Lake Christine Fire update: 82 percent contained, 3 of 4 area power lines restored
As crews aim to completely contain the Lake Christine Fire within the next couple of days, other non-firefighting groups, such as valley-wide power providers, also are working tirelessly in the aftermath of the incident.
About one month after the fire flared up July 3, officials hope to fully surround the fire this week, focusing right now on the north and northeast regions.
Another community meeting, which team leaders are optimistic will be the last, is scheduled for 6 p.m. today at Basalt High School. The type 2 team working on the Lake Christine Fire, called the Rocky Mountain Area Incident Management Team Black, is expected to reach total containment before it rotates out Thursday. As of Monday, the 12,588-acre fire was 82 percent contained.
Meanwhile, Holy Cross Energy is working on its return to normalcy, with three of its four power lines back up and running.
Altogether, nearly 65 power poles between Holy Cross and Xcel Energy — the “bulk power provider” and transmission operator throughout the valley — were damaged and replaced as a result of the Lake Christine Fire, according to Holy Cross Energy chief executive officer Brian Hannegan.
“I think this is the most significant fire we’ve had in the last several years, in part because of where it took place,” Hannegan said Monday. “The area that it burned was a location where we had four major lines serving the upper Roaring Fork Valley, including Aspen, and three of those four lines were severely impacted.”
One power line in the Missouri Heights area is still out, but Holy Cross rerouted its power supply so that it is not an issue for residents right now, he said.
With an increase in electricity use during the fall and winter months, Hannegan said it should be fine so long as the fourth power line is fixed before the ski season, which is the plan.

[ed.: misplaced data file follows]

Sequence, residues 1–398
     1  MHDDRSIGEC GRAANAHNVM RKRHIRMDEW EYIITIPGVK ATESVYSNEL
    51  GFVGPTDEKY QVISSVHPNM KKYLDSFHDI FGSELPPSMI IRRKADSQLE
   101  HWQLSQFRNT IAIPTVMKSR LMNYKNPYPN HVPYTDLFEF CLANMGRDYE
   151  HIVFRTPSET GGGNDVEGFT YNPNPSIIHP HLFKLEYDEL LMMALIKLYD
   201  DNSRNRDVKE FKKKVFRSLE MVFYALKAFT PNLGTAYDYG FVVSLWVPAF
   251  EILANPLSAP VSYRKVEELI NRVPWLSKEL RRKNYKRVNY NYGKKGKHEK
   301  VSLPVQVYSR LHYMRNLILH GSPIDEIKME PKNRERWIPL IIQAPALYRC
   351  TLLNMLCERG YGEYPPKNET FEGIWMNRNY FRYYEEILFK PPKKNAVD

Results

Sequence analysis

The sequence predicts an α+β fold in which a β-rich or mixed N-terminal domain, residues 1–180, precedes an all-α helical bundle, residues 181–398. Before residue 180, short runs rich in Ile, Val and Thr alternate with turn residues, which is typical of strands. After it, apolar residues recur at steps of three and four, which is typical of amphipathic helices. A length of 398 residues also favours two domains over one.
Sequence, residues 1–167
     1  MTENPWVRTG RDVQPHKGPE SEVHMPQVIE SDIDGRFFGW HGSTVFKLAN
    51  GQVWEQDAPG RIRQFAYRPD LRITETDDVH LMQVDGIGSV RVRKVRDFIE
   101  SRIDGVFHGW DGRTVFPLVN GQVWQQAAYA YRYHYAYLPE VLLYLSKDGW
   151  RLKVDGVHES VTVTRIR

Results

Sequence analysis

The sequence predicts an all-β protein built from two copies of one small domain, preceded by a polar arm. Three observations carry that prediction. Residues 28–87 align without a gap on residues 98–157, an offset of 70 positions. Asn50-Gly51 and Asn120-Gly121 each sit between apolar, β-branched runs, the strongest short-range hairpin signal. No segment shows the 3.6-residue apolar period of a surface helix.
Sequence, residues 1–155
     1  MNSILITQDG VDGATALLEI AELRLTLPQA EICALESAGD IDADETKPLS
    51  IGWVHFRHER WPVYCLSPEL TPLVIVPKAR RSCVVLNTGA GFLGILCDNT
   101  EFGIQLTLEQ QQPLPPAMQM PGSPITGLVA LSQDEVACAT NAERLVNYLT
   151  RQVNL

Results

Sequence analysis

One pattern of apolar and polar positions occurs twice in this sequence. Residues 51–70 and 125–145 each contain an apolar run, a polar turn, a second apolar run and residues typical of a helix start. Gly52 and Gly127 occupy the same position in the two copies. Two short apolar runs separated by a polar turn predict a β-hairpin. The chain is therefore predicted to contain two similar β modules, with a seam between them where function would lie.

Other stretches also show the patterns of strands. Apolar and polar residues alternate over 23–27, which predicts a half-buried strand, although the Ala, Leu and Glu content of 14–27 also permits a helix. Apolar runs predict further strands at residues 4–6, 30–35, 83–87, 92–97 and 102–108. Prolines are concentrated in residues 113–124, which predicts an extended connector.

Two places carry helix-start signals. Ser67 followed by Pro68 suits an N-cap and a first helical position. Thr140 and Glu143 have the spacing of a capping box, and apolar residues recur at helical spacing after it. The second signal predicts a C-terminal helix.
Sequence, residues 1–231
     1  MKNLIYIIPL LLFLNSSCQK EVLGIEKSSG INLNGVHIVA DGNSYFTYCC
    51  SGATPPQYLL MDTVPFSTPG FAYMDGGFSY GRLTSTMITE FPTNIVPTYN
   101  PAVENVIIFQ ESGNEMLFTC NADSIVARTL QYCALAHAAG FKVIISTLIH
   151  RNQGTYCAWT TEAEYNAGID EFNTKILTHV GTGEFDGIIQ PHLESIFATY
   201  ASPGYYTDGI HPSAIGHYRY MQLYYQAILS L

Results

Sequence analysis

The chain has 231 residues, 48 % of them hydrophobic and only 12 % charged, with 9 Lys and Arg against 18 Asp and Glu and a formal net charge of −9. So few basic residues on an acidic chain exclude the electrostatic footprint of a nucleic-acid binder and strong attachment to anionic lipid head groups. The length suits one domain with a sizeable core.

“Right now, the hold up is getting the distribution,” Hannegan said, noting a high demand for replacement poles and wires with other wildfires throughout the state. “When we get the materials, we’ll head back out into the field and fix that line.”
Between the two power providers, Hannegan said there have been about 90 total people, “mostly from Xcel,” working in the field throughout the fire’s monthlong span. Mark Stutz, a spokesman for Xcel Energy, estimated the company had about 60 workers for the restoration effort.
Xcel also sent two heavy-lift helicopters to assist with the power poles.
Hannegan said the companies are still calculating the total cost of the repair work and declined to estimate.
In an update Monday morning, fire officials reported there is a small section along on the north side near Forest Service Road 509 that still needs to be contained and has “spot fires that range in size from 4 to 7 acres.” On the east side, hotshot crews and air drops will focus on the fire from the Basalt Mountain Trail intersection to the south, according to the update. Other fire-related work as of late involves minimizing the “noticeable and long-term impacts of the constructed fire lines,” officials said, such as filling in trenches and spreading out the piles of vegetation and dirt.
Crews are being sent to other fires in the state, and currently there are 390 personnel on the Lake Christine Fire. The type 2 team working on the Lake Christine Fire will not be sent to the Cache Creek Fire, Kate Jerman of the U.S. Forest Service said Monday. The organization decides its teams based on availability and proximity, she said.
The people suspected of starting the fire — 23-year-old Richard Miller and Allison Marcus, 22, both El Jebel residents — are scheduled to be in Eagle County District Court in Eagle this morning for a bond hearing. They are facing four felony counts each related to allegedly starting the fire on July 3 by firing tracer rounds at the state wildlife area shooting range near Basalt. They currently are free on a $7,500 bond each.
The three homes destroyed have a combined value of $2.65 million, according to an arrest affidavit. Miller and Marcus each face three fourth-degree felony arson charges as well as a Class 6 felony charge of firing woods or prairie.
Randy Wyrick contributed to this report. firstname.lastname@example.org
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